July 8, 1958 February 17, 1993

George and his dog Limbo

one of my favorite pictures of George



eternal nights passed
dreaming dark
waiting as bride bidden
for the moment when screaming soul settles
in blissful silence

searching for eyes which would
with loving gaze
embrace me as no other
in silence I cried
raged wept whispered prayed
"RELEASE" and the freedom to soar!

tedious amounts of time taken seeking
waiting for wings

effort exhalations
pulling as once you pushed

frail I reach
grasping my way towards life
struggling out of human bonds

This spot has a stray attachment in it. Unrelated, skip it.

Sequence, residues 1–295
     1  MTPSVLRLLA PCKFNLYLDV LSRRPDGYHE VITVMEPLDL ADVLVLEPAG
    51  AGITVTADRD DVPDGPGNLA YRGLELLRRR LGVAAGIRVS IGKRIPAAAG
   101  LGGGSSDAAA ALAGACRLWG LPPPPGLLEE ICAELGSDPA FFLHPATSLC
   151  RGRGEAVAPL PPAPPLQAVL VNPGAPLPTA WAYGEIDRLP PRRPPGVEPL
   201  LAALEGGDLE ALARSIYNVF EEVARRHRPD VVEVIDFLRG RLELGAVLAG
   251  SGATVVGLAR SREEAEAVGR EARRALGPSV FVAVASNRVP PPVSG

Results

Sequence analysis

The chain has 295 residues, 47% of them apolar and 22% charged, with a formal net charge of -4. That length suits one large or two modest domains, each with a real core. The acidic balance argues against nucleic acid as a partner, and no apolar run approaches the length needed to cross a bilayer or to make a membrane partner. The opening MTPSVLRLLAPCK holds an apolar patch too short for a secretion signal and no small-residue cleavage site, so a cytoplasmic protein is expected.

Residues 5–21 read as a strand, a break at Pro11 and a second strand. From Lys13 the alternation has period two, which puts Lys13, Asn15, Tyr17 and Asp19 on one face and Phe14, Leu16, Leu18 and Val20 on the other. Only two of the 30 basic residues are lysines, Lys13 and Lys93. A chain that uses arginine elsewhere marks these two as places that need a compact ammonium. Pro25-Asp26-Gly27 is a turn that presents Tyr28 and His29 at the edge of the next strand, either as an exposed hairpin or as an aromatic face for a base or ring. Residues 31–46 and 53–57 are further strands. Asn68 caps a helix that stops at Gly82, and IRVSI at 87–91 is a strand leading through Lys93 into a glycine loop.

birthing upward
rising release I

at last.

by Gaylen Hoyle
(written by a friend of my mother's for my brother George after his death from AIDS in 1993)

(The photos at the top of the page are George and his dog Limbo at his home in Manhattan around 1989 and another of him in a restaurant, sometime in the late 1980's.)

George in Austin

My mom's favorite photo of George, in her front yard in Austin in the early 1980's

Susan, Michael, George, and Victoria

My sister Susan, son Michael, brother George and me in his back yard in Manhattan in 1985

George in Manhattan

George in his back yard in Manhattan in 1990

Another of my mom's favorite photos, George at Vanderbilt in the late 1970's

"Ordinary World" by Duran Duran